[arin-ppml] A challenge to the assumption that a big DFZ is aproblem
bicknell at ufp.org
Tue Dec 15 21:31:30 EST 2009
In a message written on Tue, Dec 15, 2009 at 01:02:08PM -0800, Ted Mittelstaedt wrote:
> What I'm saying is that it seems to me that there is no inherent barrier
> in the silicon to coming out with routers that would do a much larger
> DFZ TOMORROW. Granted, TODAY's designs might not scale up - but
> is that a silicon problem or simply that more R&D is needed to find
> better (or cheaper) router designs?
You are correct from a technology point of view. I believe TCAM
designs can scale to a much larger routing table, perhaps with a
corresponding increase in cost. Beyond that history tells us some
other solution will be found.
However, R&D almost never generates cheaper designs, at least in
Rev 1. Perhaps in revs 2 and 3 and 4 they get cheaper, but rarely
does an advance end up cheaper out of the gate.
Plus, there is lead time. Evolutionary designs take ~3-5 years to
spin out. Routers you will buy in 2013 are all but done deals from
a design perspective. What remains is to work out manufacturing,
testing, code, etc. If you're looking at something totally new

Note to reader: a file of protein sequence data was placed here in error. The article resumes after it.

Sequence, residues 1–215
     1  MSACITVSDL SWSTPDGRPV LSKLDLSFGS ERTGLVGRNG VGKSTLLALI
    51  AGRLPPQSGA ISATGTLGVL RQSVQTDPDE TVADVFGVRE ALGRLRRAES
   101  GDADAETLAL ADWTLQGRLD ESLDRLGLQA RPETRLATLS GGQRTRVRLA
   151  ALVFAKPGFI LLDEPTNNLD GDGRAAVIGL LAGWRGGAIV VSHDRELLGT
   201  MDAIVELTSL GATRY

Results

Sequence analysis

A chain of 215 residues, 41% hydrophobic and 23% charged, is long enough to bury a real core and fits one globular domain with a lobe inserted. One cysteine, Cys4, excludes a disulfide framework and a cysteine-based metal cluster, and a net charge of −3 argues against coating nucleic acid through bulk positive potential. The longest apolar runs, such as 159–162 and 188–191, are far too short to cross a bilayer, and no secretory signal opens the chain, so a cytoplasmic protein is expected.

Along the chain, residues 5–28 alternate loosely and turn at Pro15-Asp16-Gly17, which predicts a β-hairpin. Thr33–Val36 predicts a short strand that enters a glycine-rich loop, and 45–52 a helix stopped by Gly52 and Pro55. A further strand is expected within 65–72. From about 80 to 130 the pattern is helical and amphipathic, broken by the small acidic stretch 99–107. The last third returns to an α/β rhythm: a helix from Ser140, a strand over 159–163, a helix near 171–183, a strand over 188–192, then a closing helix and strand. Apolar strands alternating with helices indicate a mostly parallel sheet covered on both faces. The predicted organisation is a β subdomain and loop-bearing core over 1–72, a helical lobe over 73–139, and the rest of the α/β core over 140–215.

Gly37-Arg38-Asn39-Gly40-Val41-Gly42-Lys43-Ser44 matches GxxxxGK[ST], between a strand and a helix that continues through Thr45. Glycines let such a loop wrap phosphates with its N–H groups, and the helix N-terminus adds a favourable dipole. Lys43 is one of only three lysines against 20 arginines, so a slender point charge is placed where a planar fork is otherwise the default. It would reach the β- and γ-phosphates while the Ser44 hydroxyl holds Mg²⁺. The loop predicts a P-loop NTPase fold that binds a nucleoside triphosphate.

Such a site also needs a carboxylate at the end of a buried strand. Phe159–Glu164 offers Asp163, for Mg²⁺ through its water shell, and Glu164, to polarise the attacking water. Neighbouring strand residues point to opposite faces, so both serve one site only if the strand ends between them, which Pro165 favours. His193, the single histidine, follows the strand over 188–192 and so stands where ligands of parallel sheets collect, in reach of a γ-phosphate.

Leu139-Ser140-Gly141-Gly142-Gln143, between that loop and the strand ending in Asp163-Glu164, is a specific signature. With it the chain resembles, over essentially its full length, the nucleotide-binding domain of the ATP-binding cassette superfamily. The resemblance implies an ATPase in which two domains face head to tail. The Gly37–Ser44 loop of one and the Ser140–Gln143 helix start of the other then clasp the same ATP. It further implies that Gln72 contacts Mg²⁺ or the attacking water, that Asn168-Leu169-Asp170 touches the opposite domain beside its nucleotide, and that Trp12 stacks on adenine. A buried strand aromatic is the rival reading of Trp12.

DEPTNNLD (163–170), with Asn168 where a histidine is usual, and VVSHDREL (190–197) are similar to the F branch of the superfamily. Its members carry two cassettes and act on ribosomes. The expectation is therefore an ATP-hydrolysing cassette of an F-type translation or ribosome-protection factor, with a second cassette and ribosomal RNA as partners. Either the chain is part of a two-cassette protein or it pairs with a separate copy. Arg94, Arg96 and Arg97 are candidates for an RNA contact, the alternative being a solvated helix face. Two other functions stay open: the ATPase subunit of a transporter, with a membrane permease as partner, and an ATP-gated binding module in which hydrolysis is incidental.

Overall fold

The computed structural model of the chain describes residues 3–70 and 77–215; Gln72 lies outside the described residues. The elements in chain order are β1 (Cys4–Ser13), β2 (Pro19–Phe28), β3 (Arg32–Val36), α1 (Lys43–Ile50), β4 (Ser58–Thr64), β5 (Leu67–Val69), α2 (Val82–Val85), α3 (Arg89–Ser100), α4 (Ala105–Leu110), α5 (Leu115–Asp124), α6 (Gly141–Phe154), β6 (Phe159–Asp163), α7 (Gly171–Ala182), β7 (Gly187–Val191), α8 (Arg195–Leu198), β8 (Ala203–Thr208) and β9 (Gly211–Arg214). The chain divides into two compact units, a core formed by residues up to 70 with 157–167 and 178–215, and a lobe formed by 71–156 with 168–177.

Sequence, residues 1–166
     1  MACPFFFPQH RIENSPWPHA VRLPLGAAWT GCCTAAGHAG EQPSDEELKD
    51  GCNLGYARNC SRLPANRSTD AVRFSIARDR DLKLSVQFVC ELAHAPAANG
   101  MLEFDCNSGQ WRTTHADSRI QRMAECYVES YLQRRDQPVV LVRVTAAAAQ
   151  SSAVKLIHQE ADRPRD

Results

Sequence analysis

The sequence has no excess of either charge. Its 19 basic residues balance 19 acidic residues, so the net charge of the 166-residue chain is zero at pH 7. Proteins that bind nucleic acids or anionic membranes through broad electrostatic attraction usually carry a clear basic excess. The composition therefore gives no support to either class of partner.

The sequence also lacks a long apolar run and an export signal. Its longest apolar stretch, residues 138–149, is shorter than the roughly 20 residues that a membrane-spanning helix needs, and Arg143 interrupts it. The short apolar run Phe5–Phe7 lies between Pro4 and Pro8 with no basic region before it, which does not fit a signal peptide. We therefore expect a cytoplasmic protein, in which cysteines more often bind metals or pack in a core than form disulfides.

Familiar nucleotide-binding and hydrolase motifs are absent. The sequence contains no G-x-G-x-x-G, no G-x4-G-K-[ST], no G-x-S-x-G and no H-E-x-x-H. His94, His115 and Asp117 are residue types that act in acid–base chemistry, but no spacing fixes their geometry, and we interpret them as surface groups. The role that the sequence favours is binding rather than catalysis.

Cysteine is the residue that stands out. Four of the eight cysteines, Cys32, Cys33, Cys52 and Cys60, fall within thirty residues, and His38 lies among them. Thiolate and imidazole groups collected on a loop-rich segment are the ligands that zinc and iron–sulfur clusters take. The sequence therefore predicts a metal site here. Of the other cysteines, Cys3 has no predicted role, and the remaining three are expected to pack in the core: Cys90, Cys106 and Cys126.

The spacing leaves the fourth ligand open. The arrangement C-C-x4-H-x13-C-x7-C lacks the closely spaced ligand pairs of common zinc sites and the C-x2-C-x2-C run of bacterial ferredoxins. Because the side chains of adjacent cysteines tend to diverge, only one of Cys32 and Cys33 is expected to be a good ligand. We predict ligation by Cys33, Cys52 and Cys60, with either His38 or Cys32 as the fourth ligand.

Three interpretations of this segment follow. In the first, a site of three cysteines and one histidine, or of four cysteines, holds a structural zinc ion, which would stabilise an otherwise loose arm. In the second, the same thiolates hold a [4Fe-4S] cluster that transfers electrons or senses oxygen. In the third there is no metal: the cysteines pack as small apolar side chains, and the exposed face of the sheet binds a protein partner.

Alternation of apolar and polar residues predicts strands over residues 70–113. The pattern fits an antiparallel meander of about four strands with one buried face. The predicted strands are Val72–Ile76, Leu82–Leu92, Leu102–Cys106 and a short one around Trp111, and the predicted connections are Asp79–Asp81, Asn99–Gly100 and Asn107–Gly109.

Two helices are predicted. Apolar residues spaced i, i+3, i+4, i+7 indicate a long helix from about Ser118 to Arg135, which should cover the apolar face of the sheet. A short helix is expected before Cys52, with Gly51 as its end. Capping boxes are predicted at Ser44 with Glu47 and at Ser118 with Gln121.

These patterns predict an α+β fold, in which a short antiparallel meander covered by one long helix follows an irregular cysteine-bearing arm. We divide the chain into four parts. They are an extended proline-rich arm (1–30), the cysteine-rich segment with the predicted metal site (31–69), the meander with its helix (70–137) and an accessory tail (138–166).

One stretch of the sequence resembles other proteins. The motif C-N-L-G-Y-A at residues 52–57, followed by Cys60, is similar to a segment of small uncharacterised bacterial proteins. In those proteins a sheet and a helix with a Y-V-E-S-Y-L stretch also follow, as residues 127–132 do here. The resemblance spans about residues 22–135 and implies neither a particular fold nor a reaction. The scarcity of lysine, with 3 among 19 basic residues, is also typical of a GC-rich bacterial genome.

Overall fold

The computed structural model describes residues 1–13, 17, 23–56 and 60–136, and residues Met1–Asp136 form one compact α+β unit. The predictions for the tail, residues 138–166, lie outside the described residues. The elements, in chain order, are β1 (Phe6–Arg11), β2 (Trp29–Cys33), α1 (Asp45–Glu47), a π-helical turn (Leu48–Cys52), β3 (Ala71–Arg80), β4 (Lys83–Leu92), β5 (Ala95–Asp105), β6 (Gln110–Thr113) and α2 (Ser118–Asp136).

then you're probably in the 5-7 year timeframe on the short end.
So if the question is, can we support a 10 million route FIB in
2020, the answer is probably yes. If the answer is can we support
a 10 million route fib in 2015, the answer is almost as firmly no.
The TCAM is a shared resource in most designs. Any/all of the
following share the same resource:
IPv6 ND Information
CLNS Neighbor Information
Those that are really worried about this aren't worried that the IPv4
routing table might grow from 300,000 today to 600,000 in 2015, or that
the IPv6 routing table might grow from 2000 today to 100,000 in 2015.
Nor are they worried about the MPLS table growing from 1,000 entries
to 20,000 entries as MPLS VPN's take off. However, adding up all of
those in the shared resource creates a grim picture. It would appear
all of the people planning for those three separate things are all but
assuming the others are 0.
> But, is the economics of it our responsibility? What is ARIN's
> charter, folks? Are you saying we should modify addressing policy
> based on costs of hardware, or based on what it's POSSIBLE for
> hardware to do?
In the long (10+ year) view, absolutely not. Do what's right, and the
vendors will sort it out. In the short term view, under 5 years for
sure, probably under 10, and maybe under 15, the hardware must be
considered. It need not dicate, but to ignore it would be excessively
foolish, and hardly rise to the standard of being a good steward.
Leo Bicknell - bicknell at ufp.org - CCIE 3440
PGP keys at http://www.ufp.org/~bicknell/
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